The Government Inspector

Nikolai Gogol, in a version by David Harrower
Young Vic

The Government Inspector production photo

In his regular collaborations with David Harrower, opera and theatre director Richard Jones has never been afraid to stamp his own conceptual ideas on classic plays.

Purists will always struggle with such productions but lovers of the anarchic fare much better in his zany world.

The Government Inspector, which celebrates its 175th anniversary this year, is a play based on a single extended joke, albeit one of genius. The lack of complexity presents directors with great freedom to import their own ideas and stars with licence to do their own thing, without necessarily detracting from the spirit of the original.

Miriam Buether's highly adaptable set gives a good impression of what is to come. Visitors are led in through a maze that takes them across the stage, passing relaxed performers along the way. The stage design delights in kitsch and is vibrantly colourful, as are the deliberately tasteless costumes.

The acting follows suit, with Jones indulgent and probably encouraging when performers wish to go over the top. The result is patchily very funny although there are some lengthy longueurs, as jokes outstay their welcome.

The cast is led by an eccentric quartet. As the "inspector", Kyle Soller is a long, long way from his performance in the Glass Menagerie in the same space last year. His character, Khlestakov, is a rich man's lazy son with wild, carroty hair and an effete manner that could easily grate on anyone not kow-towing to his title.

In this town, though, that is hardly a problem as there are numerous local dignitaries eager to do that, led by the Mayor, The Mighty Boosh's Julian Barrett. He is self-important and fatuous, keen to feather his own nest and competing in unctuousness with his family members.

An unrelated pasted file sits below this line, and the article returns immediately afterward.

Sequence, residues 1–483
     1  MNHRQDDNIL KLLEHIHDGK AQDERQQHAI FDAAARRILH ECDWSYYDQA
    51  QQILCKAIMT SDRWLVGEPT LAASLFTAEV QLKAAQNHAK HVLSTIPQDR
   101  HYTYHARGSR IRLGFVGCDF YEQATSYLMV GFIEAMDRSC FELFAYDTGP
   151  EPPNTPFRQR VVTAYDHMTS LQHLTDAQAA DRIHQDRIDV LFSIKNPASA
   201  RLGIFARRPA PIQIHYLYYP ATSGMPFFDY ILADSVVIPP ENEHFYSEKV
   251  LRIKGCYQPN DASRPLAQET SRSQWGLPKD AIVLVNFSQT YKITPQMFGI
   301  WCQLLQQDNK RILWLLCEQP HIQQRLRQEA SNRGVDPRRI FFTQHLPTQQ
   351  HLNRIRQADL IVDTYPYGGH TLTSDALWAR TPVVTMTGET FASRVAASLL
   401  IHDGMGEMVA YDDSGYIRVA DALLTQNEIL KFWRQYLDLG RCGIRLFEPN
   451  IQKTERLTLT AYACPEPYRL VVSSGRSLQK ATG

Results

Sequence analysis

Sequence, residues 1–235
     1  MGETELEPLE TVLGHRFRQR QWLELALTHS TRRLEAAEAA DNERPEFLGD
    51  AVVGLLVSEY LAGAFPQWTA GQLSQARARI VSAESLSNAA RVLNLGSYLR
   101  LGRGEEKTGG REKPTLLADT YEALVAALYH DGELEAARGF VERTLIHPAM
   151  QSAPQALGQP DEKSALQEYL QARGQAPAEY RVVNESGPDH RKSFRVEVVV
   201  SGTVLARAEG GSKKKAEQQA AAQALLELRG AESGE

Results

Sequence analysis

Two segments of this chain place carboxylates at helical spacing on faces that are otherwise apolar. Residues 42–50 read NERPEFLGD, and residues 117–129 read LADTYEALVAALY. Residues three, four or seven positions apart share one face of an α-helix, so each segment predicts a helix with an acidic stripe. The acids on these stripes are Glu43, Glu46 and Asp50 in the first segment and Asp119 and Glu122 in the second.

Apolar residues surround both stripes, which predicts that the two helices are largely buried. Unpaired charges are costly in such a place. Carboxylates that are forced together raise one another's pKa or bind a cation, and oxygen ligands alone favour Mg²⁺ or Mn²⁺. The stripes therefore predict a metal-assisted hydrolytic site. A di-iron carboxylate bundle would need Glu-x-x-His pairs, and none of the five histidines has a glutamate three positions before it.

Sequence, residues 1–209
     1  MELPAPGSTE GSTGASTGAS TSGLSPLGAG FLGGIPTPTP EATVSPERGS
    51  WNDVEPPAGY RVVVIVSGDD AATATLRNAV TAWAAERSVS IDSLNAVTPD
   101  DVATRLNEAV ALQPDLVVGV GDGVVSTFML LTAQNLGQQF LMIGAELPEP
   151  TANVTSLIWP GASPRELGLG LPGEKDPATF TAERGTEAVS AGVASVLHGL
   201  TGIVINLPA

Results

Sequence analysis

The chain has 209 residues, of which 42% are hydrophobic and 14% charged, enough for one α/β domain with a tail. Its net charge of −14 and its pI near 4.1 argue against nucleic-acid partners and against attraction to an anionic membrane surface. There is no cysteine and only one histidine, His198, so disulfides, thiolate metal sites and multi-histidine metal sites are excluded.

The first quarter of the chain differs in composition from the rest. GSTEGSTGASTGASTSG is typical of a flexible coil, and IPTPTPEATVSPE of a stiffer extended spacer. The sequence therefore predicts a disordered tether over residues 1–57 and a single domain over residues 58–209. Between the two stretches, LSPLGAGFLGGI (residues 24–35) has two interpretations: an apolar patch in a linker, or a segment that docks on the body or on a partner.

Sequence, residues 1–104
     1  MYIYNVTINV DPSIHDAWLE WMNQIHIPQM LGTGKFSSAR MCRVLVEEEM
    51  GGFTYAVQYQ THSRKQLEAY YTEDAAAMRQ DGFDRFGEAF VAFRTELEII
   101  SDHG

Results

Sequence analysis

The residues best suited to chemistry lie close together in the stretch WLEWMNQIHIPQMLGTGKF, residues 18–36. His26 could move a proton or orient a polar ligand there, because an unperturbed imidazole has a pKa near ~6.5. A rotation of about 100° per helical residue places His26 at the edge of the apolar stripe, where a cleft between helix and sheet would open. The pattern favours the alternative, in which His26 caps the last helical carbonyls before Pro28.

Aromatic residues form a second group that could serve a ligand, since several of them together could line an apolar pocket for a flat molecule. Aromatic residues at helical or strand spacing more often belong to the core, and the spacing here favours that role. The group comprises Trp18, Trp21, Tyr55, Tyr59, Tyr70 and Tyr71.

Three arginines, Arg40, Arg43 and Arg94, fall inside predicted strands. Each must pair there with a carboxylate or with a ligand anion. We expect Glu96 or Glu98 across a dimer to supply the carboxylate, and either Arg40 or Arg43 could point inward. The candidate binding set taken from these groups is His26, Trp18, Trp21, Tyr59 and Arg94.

Doon Mackichan makes his blowsy wife Anna a horror in costumes that might have been cast off by losers from Strictly Come Dancing. Their 18-year-old daughter Maria, played by Louise Brealey, is a mini femme fatale, overwrought but desirable in an infantile way.

This trio and all of their neighbours dupe themselves into accepting that the lazy good-for-nothing is an important officeholder with the power to destroy their lives. The consequences are inevitable and much of the comedy very funny.

Pleasingly, not only do the locals pander to the greedy trickery of his master but also the more honest begging of the much more deserving servant Osip, wittily and grittily portrayed by Callum Dixon.

At various points in the 2¾ hours of The Government Inspector, there are some fine pieces of verbal humour as well as lashings of physical and visual attempts to amuse, a good proportion of which come off. This is one of those strange occasions where a director has shown rather too much imagination in his attempts to wow the audience.

Ultimately, this kind of evening will have far more appeal to lovers of today's surreal TV comedies than the Russian classics, which might be no bad thing for the Young Vic's coffers.

Playing until 9 July

Reviewer: Philip Fisher

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